Colleen Anderson

Steve Shaluta / West Virginia Division of Tourism

Like many others, I’m distressed and angry about the chemical leak that fouled my city’s water supply and turned off the taps for three hundred thousand taxpayers. But I can’t sustain my outrage without a dose of laughter now and then. And it occurs to me that Charleston may want to consider looking for a niche in the extreme tourism market. So, with the help of my co-writer and accompanist, George Castelle, I’ve put my thoughts into a song:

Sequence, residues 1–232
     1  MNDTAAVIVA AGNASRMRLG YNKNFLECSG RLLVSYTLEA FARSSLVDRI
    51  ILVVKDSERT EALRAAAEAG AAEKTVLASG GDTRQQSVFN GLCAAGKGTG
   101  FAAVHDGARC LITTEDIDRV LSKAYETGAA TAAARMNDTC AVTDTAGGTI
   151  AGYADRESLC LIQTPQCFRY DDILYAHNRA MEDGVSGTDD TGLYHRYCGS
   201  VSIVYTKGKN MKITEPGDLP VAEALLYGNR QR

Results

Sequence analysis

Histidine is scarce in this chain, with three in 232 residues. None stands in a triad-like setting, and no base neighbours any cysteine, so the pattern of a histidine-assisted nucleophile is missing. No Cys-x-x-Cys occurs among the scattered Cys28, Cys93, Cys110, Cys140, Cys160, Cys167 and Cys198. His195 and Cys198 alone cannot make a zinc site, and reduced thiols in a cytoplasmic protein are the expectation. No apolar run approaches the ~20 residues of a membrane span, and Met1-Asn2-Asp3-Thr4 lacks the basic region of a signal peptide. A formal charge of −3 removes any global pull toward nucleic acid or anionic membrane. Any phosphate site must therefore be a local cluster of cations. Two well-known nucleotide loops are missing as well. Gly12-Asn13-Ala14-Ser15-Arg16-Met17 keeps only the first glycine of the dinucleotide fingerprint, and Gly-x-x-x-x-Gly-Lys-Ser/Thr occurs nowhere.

Charleston—the town inimical

Hip, historic, cool and chemical

Yes, there's sludge, and it could spill


Nov 22, 2013
Colleen Anderson

When my elderly parents moved to a retirement community in West Virginia, at my request, it was a tough transition. To lifelong flatlanders, my cherished mountains seemed oppressive, not protective. The roads were narrower and much twistier than those in Michigan. Their tiny new apartment was a poor substitute for the comfortable home where they’d lived for more than sixty years. And, even though they’d grown too frail to do much gardening, the hanging flower basket on their new balcony was nothing like a whole yard with trees, flowers, squirrels, and birds.